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Postal union leaders doubt recent changes will be fully restored, despite USPS announcement

CHICAGO, ILLINOIS - AUGUST 15: United States Postal Service (USPS) trucks are parked at a postal facility on August 15, 2019 in Chicago, Illinois. In its recent quarterly statement the USPS reported a loss of nearly $2.3 billion and a 3.2 percent decline in package deliveries, the first decline in nearly a decade. (Photo by Scott Olson/Getty Images)

 (CNN) — Some postal union leaders expressed skepticism that Postmaster General Louis DeJoy’s Tuesday announcement that mail-processing equipment will remain in place would fully restore the capacity of the Postal Service.

DeJoy announced that all changes being made to the Postal Service — including moving mail processing equipment and blue collection boxes — would be suspended until after the November 3 election, but more than a dozen postal union leaders across the country have told CNN that sorting machines have already been removed or taken out of service.

CNN previously reported that documents indicated 671 machines used to organize letters or other pieces of mail were slated for “reduction” in postal facilities this year. The Postal Service said in a statement last week that it “routinely moves equipment around its network as necessary to match changing mail and package volumes.”

Miriam Bell, general president of a local chapter of the American Postal Workers Union in North Carolina, said seven sorting machines at a Charlotte postal facility have been either separated out, dismantled or entirely removed in recent weeks.

Asked if she expects them to return, Bell said, “We truthfully do not know,” adding, “it is highly unlikely they will be put back in place.”

Roscoe Woods, president of APWU Local 480-481, said a dozen machines at a distribution center in Pontiac, Michigan, had been removed from service in recent weeks, and despite DeJoy’s announcement, he said he has heard from postal management that the machines are not supposed to be put back to work.

“As of today, they were told not to power them back up,” Woods said.

He said some machines were in the process of being taken apart, and two have been disassembled and are currently on a trailer at the facility.

“They have no plans to put them back together,” he said.

USPS did not respond did not respond to multiple requests for comment.

The Postal Service is bracing for an unusually high number of mail-in ballots as voters look to avoid casting ballots at polling centers where they could potentially contract the coronavirus. And changes DeJoy made to the Postal Service earlier this year have come under scrutiny. Democrats allege that the changes are meant to slow the service as President Donald Trump continues to repeat false allegations that widespread voting by mail will lead to fraud.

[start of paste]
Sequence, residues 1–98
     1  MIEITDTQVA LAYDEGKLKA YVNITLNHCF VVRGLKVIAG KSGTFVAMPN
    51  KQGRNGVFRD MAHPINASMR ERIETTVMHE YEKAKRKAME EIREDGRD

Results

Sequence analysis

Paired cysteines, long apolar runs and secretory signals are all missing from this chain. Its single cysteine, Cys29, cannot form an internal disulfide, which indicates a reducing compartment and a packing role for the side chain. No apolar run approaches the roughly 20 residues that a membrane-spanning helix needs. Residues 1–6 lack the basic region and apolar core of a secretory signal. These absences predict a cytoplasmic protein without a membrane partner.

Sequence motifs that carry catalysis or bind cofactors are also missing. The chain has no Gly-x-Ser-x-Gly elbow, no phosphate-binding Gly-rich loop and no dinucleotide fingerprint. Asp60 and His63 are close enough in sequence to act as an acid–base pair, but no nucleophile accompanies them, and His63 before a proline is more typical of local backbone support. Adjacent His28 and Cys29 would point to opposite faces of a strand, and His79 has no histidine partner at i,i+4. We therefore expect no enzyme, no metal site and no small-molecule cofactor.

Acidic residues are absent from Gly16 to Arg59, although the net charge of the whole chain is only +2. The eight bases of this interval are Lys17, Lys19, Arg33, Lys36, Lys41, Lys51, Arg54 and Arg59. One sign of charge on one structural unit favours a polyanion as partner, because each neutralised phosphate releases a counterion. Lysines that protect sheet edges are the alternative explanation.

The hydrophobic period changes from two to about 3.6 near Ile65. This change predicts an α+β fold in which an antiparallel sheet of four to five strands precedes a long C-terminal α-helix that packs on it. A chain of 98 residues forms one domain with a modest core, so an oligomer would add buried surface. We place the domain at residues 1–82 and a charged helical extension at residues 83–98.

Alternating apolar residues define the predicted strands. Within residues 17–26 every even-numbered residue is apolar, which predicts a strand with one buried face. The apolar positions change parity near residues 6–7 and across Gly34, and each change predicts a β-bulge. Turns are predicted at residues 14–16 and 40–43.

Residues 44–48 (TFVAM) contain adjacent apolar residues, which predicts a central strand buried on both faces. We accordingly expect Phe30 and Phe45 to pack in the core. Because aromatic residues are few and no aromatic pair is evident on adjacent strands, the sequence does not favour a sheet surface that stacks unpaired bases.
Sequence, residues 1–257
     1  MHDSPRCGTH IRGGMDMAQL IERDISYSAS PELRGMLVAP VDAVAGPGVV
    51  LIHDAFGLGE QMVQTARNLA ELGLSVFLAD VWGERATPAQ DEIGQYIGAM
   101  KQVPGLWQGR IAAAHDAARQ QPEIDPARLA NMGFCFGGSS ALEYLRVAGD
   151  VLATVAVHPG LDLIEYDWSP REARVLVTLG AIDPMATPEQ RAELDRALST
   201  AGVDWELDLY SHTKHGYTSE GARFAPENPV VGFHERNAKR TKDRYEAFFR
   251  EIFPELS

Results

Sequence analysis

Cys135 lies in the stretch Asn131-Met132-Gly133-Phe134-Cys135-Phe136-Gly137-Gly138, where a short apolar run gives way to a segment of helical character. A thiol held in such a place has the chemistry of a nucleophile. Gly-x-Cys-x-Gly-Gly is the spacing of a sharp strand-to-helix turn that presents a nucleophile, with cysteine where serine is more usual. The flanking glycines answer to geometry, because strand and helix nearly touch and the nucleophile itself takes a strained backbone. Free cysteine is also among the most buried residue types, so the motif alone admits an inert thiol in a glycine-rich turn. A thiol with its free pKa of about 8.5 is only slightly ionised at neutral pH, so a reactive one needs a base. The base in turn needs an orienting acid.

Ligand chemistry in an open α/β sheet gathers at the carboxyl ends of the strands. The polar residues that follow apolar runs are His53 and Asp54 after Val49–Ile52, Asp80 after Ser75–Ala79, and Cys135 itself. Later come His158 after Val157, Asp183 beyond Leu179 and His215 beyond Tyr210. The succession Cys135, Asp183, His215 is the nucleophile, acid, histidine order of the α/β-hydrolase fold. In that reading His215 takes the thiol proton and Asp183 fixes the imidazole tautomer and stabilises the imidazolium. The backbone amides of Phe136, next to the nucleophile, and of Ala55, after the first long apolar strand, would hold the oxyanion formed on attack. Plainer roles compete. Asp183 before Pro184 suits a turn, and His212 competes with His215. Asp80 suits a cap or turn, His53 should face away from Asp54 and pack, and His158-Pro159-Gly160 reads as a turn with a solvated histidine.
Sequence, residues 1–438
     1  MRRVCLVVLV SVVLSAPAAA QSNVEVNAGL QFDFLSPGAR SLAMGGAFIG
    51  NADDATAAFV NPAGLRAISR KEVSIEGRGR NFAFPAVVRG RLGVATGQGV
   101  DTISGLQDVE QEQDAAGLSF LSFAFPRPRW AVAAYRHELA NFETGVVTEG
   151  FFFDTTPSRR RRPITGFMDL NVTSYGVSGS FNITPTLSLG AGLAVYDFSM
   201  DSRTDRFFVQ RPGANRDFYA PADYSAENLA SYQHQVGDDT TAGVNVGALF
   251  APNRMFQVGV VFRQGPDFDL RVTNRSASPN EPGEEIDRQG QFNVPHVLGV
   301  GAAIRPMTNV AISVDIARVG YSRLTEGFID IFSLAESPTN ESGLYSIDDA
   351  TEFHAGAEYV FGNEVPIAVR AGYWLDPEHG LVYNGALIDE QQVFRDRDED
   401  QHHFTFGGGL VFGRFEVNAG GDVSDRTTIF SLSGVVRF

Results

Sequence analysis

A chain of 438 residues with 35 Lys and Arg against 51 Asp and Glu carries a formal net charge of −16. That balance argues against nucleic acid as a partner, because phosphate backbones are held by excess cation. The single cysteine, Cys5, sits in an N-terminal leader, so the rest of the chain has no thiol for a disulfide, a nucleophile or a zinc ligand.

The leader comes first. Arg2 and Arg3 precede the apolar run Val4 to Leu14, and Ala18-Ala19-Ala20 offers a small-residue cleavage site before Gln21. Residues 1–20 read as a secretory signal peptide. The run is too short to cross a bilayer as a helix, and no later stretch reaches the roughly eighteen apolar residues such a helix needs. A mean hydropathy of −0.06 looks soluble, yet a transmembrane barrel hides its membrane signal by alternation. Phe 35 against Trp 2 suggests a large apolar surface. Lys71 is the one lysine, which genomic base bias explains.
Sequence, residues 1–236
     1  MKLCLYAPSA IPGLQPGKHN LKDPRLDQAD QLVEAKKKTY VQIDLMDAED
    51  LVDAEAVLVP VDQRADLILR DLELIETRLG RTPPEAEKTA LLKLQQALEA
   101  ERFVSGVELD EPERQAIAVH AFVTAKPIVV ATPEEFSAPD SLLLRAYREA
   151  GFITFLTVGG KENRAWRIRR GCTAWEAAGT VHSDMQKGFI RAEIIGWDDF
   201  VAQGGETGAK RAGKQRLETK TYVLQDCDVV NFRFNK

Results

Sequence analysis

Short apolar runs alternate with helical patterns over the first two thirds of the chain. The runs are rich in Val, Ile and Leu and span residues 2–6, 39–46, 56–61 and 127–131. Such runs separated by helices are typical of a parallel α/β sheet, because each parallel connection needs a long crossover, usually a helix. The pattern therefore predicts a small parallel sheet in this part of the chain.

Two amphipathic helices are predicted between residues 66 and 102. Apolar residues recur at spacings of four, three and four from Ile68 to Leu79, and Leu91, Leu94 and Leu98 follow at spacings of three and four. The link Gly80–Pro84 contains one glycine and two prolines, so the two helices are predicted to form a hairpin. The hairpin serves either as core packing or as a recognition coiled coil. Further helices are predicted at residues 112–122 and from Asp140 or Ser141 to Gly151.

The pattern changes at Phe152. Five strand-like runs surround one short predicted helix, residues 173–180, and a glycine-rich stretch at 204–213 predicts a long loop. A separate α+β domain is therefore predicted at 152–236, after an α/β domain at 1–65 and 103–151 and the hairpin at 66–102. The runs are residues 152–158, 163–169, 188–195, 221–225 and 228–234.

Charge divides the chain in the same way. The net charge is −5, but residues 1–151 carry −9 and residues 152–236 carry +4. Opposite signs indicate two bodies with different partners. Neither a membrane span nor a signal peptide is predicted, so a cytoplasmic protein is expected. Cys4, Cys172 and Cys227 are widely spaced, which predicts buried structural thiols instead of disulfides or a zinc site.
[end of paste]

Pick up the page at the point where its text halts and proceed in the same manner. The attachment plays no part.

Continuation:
The USPS and DeJoy have maintained that the changes are intended to improve the agency’s dire financial situation. DeJoy also rejects accusations that he made these changes at Trump’s behest.

Paul Hogrogian, national president for the National Postal Mail Handlers Union, said he doubts that machines already impacted by the postal service’s reduction efforts will return to service, “especially since some have already been scrapped.”

Kevin Tabarus, president of NPMHU Local 300, which includes New York City and parts of New Jersey and Connecticut, said he does not think DeJoy’s reversal Tuesday will undo all the challenges created by recent machine removals and other changes.

“I think it’s too late. The network is already messed up,” Tabarus said.

“It’ll be kind of hard to put a machine back in when it was already sent off to be recycled,” Ashley Cargill, a APWU national business agent, told CNN.

The USPS in its announcement Tuesday did not mention anything about replacing or restoring letter collection boxes that were removed in recent weeks and months.

APWU national business agent Peter Coradi told CNN newly enacted USPS changes preventing mail trucks to “wait on late mail,” still appeared to be in effect.

Waiting on late mail means that when mail trucks break down or there are delays in sorting mail, the mail is still delivered, something union officials say is vital to it being delivered on-time.

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